On the Front Porch
by Wanda Smith
Write It At the turning of a new year, it is my desire to take some time to be quiet and meditate on my life and communicate with Holy Spirit for what He desires of me for the coming year. Sometimes, I am able to entice Hubby to join me in my quest for setting a vision for the year as well. A few years ago, we made a list of six things we had hoped we could accomplish that year. I wish I could find the actual list so I could share what they were because I can’t recall the exact ideas. However, they went something like this: 1. Become debt-free 2. Build a new front step 3. Buy a better vehicle 4. Put in new flooring in kitchen 5. Family camping trip At the bottom of the list, we both signed our names, agreeing that these would be some things we’d like to accomplish that year. We didn’t know how we would actually achieve the vision we had; we didn’t make the list based on our ability or time or money that was available. We simply wrote down what we wanted to see happen that year. Would you believe it...at the end of the year, we had accomplished five out of the six things? At Easter 2018, Sis wrote out some thought-provoking phrases and put them in plastic eggs and handed the eggs around to each of the family — suggesting we each comment on our ‘egg’ phrase. Hubby’s phrase was “what are a couple things you’d like to accomplish this year?” He mentioned fixing up a couple sheds on our property. I was excited to see his vision and supported that all year, even when it didn’t look as though we had the funds to accomplish them. Looking back, our chicken coop and garden shed have had a facelift and he also built a horse shelter! I find it very inspiring when we can fix up our home and yard. It is good for the soul to see things improved and cleaned up. There is a lot to be learned on the topic of setting goals but even if you don’t take much time to learn about setting goals, there is one simple suggestion I will make that could help you achieve your goals quicker than you realize. The suggestion is this: write them down! It’s as easy as grabbing a paper and a pen and thinking outside of the limitations of time and money of what you would like to achieve this year. Sign it and date it. Now put it in front of you... tape it to your bathroom mirror or put it on your nightstand — somewhere you will see it every day. This is a Biblical principle. Habakkuk 2:2,3 suggests: “... Write this. Write what you see. Write it out in big block letters so that it can be read on the run. This vision-message is a witness pointing to what’s coming. It aches for the coming — it can hardly wait! And it doesn’t lie. If it seems slow in coming, wait. It’s on its way. It will come right on time.” As you work on your vision list, don’t be afraid to add intangible desires such as building better relationships, forgiving others, or helping others. To make this project even more fun, you may wish to develop a vision board, cutting out pictures and words that represent what you’re believing for. Hang it where you and your family will frequently see it. Let faith and hope arise to see your vision come to pass!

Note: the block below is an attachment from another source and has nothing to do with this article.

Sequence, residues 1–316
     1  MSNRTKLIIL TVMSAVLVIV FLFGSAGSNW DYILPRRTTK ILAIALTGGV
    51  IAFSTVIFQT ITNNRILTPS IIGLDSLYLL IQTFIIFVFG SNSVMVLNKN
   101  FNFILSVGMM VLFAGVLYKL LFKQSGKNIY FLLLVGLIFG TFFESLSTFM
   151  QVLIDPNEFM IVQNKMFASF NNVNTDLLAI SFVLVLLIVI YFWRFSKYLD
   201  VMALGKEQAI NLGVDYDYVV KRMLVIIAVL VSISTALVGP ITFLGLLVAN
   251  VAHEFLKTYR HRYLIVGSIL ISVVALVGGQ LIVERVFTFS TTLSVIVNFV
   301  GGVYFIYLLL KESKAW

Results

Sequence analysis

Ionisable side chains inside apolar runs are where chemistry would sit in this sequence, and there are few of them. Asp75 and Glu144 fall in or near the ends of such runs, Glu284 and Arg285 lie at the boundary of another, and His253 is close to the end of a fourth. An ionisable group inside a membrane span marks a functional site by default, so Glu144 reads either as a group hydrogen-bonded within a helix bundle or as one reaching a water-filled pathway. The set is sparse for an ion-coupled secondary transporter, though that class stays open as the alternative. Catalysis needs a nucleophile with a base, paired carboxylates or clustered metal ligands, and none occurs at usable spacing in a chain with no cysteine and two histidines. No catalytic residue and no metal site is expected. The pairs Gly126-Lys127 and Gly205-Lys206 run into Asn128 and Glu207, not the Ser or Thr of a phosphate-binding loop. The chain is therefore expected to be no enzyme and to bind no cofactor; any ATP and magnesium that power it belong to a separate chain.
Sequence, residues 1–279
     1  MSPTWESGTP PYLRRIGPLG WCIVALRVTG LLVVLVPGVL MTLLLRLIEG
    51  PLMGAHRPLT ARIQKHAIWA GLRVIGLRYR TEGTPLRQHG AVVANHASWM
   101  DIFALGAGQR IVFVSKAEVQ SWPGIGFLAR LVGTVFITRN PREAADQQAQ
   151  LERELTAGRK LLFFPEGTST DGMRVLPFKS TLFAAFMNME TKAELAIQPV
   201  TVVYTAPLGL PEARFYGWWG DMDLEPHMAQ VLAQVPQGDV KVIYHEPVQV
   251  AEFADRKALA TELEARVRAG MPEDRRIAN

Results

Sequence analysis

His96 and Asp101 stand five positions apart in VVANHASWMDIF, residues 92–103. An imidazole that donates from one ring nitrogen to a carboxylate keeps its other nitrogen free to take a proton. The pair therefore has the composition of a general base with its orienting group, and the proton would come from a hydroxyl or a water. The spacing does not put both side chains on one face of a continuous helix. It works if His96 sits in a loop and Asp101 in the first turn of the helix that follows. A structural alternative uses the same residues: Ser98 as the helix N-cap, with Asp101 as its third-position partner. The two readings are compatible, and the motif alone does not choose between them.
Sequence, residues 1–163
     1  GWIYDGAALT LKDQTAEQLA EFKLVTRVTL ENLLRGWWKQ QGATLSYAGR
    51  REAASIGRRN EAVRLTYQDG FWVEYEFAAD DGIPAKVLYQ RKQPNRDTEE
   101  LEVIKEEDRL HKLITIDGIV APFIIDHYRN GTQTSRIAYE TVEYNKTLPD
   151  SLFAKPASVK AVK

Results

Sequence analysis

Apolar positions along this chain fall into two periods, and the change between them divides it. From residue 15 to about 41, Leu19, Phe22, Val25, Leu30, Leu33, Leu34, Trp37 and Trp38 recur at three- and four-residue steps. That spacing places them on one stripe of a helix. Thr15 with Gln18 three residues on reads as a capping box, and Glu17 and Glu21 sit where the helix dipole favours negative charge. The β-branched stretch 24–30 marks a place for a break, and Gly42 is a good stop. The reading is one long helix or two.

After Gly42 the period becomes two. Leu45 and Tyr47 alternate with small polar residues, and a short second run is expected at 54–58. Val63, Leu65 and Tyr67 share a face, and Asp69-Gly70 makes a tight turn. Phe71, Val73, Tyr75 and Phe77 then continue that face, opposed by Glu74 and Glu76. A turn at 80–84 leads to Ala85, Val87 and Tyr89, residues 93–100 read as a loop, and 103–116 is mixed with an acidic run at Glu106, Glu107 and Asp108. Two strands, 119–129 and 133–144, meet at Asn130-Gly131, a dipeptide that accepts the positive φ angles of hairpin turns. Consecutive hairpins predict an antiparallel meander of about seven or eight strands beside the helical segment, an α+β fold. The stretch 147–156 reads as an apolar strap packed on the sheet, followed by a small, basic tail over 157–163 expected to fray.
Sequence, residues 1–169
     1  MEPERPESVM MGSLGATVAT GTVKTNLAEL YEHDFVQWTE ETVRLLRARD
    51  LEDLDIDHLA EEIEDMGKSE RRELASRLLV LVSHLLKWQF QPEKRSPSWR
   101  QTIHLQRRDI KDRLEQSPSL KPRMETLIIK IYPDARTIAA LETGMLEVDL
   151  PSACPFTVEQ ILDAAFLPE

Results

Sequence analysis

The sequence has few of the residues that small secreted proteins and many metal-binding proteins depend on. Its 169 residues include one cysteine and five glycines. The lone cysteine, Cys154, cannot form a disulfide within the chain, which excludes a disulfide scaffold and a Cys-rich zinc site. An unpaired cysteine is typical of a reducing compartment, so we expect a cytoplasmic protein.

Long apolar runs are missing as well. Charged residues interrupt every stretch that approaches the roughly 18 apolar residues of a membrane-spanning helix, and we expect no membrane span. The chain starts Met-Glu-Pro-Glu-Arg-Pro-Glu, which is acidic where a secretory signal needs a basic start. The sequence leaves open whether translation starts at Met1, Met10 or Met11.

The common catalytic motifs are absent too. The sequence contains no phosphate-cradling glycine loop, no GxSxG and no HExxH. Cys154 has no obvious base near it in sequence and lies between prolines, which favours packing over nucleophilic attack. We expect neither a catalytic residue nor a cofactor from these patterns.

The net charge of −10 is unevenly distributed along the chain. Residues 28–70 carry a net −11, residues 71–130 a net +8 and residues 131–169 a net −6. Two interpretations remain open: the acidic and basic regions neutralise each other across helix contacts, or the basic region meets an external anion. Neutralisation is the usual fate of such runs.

St. Andrew’s United Church
Traditional Anglican Parish Now worshipping at
27 Hochelaga St. W., Moose Jaw
Celebrating Inclusion For All
60 Athabasca Street East 306-692-0533 Minister: Rev. Jim Tenford